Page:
fsync()-in webdav PUT

Maxim Dounin mdounin at mdounin.ru
Sat Mar 3 00:43:02 UTC 2018


On Fri, Mar 02, 2018 at 08:47:17PM +0100, Valery Kholodkov wrote:

> On 02-03-18 17:06, Maxim Dounin wrote:
> >>> The question here is - why you want the file to be on disk, and
> >>> not just in a buffer?  Because you expect the server to die in a
> >>> few seconds without flushing the file to disk?  How probable it
> >>> is, compared to the probability of the disk to die?  A more
> >>> reliable server can make this probability negligible, hence the
> >>> suggestion.
> >> Because the files I upload to nginx servers are important to me. Please
> >> step back a little and forget that we are talking about nginx or an HTTP
> >> server.
> >
> > If file are indeed important to you, you have to keep a second
> > copy in a different location, or even in multiple different
> > locations.  Trying to do fsync() won't save your data in a lot of
> > quite realistic scenarios, but certainly will imply performance
> > (and complexity, from nginx code point of view) costs.
> But do you understand that even in a replicated setup the time interval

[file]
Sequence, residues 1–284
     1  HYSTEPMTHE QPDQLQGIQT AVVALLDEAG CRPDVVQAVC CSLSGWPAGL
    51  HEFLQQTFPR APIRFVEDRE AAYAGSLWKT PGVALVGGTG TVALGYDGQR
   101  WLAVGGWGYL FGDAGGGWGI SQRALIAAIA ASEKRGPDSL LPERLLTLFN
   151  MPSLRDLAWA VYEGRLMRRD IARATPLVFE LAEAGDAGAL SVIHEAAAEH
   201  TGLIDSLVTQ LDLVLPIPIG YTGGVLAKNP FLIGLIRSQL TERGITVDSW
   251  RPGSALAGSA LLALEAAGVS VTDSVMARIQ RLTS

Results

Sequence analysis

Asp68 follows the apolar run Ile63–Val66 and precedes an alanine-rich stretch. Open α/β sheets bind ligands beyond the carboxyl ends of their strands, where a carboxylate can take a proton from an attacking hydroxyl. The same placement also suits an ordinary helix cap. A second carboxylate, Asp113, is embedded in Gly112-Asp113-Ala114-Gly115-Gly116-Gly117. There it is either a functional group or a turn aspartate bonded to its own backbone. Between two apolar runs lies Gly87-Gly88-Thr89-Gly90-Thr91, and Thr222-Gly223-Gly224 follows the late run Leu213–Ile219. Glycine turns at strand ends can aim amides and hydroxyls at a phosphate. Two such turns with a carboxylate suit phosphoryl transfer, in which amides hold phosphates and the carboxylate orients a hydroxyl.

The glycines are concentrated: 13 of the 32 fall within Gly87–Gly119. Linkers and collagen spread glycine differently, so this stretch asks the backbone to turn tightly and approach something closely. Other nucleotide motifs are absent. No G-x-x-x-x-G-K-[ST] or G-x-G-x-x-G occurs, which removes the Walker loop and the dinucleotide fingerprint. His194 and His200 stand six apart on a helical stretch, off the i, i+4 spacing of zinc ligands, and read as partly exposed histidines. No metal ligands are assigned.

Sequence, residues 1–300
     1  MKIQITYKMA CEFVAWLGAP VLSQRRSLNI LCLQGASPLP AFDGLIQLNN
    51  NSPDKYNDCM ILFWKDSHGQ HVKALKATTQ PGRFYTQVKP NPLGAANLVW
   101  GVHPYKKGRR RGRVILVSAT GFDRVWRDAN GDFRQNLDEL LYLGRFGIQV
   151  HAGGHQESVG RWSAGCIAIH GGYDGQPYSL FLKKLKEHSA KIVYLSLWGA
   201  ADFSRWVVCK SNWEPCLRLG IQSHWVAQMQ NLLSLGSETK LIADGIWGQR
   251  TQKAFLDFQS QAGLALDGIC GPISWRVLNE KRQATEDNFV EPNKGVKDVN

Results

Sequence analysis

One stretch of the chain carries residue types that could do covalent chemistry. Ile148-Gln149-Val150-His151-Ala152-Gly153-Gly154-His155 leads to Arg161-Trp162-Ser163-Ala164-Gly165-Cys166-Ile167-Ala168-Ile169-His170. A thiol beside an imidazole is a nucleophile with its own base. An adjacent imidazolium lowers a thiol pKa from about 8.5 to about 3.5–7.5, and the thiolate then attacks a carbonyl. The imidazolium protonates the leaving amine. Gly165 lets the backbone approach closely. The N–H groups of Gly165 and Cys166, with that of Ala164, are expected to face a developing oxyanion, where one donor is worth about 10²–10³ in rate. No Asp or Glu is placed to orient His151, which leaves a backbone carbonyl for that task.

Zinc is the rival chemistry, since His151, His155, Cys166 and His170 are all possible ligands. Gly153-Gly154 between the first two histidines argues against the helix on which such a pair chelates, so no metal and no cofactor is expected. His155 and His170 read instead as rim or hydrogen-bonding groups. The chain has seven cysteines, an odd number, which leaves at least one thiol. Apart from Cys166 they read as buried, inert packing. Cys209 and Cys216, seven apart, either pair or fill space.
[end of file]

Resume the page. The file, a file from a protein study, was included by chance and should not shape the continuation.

> when data reaches permanent storage might be significantly long and 
> according to your assumptions is random and unpredictable.
> In other words, without fsync() it's not possible to make any judgments 
> about consistency of your data, consequently it's not possible to 
> implement a program, that tells if your data is consistent or not.
> Don't you think that your arguments are fundamentally flawed because you 
> insist on probabilistic nature of the problem, while it is actually 
> deterministic?

In no particular order:

1. There are no "my assumptions".

2. This is not about consistency, it's about fault tolerance.  
Everything is consistent unless a server crash happens.

3. Using fsync() can increase the chance that your data will 
survive a server crash / power outage.  It doesn't matter in many 
other scenarios though, for example, if your disk dies.

4. Trying to insist that reliability is deterministic looks unwise 
to me, but it's up to you to insist on anything you want.

Maxim Dounin

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